• The acquiring company is called the “Home” country and the acquired company is called the “host” company
  • The registered office or headquarters can be situated in either of the two countries
  • The main motive is to increase FDI, revenue share in markets, cross selling, economies of scale and establishing a presence in other countries

The FEMA (Cross Border Merger) Regulations, 2018 – key features

The FEMA Regulations provide that any transaction undertaken in relation to a cross-border merger in accordance with the FEMA Regulations shall be deemed to be approved by the RBI (as required in terms of Rule 25A of the Companies Merger Rules). The FEMA Regulations also require the managing director/whole time director and company secretary of the company involved in such cross-border merger to furnish a certificate undertaking to ensure compliance with the FEMA Regulations along with the application made to the relevant National Company Law Tribunal (NCLT) in relation to such merger.

The terms “Inbound Mergers” and “Outbound mergers” have been expressly defined in the Regulations as: However, The Regulations have expressly omitted defining the term “Demergers”.

OUTBOUND MERGERS: A domestic company merges with a foreign company

INBOUND MERGERS: A foreign company merges with a domestic company

The Regulations provide for different compliances for Inbound and Outbound Mergers, the same is highlighted below:

Welcome move

The new regime has been widely welcomed as a positive move to boost Foreign Direct Investment in India. The procedure to pursue restructuring exercises has been made clearer. Indian Companies seeking a global platform are most likely to benefit. And most importantly, among the various benefits these Regulations bring to the corporate table; it provides the opportunity to Indian companies that have been declared as insolvent to be bailed out by foreign companies with ease and clarity of procedure.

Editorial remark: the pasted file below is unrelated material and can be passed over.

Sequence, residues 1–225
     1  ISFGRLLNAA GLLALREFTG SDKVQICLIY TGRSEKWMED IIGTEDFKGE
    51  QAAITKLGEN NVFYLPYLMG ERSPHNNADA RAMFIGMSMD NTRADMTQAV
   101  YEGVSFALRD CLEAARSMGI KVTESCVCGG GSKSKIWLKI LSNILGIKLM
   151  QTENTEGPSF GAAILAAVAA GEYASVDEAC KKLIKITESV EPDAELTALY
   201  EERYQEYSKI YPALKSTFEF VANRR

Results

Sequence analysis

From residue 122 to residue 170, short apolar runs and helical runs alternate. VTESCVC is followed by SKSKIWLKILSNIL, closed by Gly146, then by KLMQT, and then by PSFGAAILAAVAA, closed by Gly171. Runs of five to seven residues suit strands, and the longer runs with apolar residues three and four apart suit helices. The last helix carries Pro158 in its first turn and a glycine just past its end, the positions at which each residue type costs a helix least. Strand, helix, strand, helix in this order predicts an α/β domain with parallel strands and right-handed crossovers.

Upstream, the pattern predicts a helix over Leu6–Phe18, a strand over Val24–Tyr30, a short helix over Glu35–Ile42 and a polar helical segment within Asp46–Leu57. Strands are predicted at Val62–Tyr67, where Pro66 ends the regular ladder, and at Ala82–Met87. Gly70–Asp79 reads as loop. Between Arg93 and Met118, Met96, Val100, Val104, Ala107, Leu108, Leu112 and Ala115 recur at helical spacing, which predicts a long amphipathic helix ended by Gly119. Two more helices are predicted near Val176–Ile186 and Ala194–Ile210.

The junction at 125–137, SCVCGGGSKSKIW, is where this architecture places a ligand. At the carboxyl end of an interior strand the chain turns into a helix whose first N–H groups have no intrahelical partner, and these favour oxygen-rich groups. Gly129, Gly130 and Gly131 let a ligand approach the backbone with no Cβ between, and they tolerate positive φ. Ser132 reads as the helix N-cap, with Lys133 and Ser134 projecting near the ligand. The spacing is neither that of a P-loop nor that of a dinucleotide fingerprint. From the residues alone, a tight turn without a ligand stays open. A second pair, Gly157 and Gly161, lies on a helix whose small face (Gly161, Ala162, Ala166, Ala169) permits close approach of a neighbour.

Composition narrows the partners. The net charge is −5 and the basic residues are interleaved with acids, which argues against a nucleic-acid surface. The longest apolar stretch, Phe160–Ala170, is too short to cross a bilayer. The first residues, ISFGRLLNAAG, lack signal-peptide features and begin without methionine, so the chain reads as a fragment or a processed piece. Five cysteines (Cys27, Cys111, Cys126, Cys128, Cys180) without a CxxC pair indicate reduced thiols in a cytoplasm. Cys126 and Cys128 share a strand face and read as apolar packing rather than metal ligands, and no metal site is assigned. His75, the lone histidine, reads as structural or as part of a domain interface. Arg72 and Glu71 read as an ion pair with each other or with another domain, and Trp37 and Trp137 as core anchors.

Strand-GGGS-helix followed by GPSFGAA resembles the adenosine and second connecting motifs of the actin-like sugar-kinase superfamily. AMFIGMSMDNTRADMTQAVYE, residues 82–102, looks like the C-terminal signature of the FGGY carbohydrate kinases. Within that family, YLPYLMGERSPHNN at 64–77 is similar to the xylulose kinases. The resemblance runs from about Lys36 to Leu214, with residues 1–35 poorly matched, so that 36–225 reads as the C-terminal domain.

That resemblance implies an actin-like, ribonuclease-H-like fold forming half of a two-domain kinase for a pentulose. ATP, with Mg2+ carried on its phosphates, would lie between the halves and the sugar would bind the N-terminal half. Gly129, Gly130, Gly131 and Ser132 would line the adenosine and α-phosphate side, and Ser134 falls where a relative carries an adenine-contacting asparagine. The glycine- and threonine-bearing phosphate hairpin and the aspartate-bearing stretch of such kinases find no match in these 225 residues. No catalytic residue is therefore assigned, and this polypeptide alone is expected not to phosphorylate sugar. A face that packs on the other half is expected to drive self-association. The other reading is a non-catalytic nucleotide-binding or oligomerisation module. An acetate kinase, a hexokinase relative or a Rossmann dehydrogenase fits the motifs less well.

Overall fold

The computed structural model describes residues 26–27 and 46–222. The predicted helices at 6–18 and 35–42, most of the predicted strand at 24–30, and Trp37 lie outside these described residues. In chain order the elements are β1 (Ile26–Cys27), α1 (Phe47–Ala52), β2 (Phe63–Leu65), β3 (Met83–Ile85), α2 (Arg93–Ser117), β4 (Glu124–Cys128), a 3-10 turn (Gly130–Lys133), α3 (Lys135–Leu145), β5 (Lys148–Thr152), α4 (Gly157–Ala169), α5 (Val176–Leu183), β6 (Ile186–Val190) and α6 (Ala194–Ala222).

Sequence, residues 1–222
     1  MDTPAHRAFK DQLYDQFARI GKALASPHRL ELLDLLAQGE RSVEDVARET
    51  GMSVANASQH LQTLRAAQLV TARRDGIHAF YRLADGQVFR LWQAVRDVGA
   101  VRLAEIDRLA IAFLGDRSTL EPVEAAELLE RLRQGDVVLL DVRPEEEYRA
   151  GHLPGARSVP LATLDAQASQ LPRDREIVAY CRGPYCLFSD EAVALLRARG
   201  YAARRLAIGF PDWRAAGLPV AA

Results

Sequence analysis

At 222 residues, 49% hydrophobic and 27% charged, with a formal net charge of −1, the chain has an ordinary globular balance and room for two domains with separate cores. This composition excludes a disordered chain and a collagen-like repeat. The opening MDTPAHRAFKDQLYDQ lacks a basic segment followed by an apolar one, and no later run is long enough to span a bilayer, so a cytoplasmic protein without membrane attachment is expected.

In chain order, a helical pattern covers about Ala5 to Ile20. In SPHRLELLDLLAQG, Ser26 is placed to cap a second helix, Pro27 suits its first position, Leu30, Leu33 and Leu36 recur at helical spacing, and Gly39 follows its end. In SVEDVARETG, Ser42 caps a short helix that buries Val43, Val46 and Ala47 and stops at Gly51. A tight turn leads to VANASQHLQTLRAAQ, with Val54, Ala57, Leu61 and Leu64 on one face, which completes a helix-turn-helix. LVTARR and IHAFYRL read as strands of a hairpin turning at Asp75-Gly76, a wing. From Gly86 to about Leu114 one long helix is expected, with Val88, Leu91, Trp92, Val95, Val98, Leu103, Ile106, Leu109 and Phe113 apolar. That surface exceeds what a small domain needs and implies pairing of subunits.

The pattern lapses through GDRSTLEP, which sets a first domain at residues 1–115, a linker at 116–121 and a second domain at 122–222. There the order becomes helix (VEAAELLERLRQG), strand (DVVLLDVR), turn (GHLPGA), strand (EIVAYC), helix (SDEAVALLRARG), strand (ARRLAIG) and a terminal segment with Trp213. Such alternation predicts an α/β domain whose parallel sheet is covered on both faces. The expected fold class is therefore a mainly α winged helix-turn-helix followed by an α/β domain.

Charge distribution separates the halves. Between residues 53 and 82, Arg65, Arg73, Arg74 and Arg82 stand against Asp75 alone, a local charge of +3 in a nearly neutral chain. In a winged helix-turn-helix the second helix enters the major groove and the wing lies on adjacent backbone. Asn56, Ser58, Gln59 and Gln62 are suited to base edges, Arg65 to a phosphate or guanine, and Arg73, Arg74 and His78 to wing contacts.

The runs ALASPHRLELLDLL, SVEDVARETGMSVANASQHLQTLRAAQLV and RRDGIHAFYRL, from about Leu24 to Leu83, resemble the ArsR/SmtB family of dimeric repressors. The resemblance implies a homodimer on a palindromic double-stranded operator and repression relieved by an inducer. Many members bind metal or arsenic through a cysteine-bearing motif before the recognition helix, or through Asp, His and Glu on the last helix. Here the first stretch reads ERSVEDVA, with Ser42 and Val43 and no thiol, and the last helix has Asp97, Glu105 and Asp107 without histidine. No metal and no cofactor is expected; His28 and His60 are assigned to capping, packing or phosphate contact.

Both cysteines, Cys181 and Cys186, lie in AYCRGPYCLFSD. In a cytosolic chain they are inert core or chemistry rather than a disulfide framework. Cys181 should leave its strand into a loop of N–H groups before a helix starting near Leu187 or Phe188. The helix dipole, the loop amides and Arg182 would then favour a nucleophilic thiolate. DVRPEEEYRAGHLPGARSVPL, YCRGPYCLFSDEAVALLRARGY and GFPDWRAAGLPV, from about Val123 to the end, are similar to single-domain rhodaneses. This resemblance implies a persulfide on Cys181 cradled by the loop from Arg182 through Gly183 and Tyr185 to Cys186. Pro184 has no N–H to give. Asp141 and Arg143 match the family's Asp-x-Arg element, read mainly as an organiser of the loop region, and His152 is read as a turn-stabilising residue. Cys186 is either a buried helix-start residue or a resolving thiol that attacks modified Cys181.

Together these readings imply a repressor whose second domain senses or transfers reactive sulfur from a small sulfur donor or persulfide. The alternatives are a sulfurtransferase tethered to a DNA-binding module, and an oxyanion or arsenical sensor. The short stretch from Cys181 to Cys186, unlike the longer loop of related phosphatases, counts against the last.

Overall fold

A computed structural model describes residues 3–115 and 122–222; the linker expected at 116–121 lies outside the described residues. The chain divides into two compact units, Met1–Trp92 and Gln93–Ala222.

A tête-à-tête with
L.Ganesh - Chairman, Rane Group


What has been the turning point of your life?

One of them was my exposure to Hindu Spirituality after my marriage

What do you consider your greatest achievement?

Realising that life is only series of learning experiences

What is your definition of success?

Achieving a balanced life which gives happiness and mental peace

What is the one principle that has carried you this far?

Ethical conduct in all one does

What is the one character trait or strength of yours that you admire the most?


What is the most valuable lesson learnt so far?

Realising that results need efforts but also divine blessing

What is the best indicator of your leadership?

Backing the team to take credit for results

What are your top two regular practices that have helped you in life?

Yoga and attending Vedanta lectures

What is your most important advice for time management?

Prioritization and planning

What is the single most important factor that clinches a deal?

A timely solution to the customer need

What is the most important factor in resolving conflicts?

Fair and transparent discussion

What is the most important indicator of performance of an organization?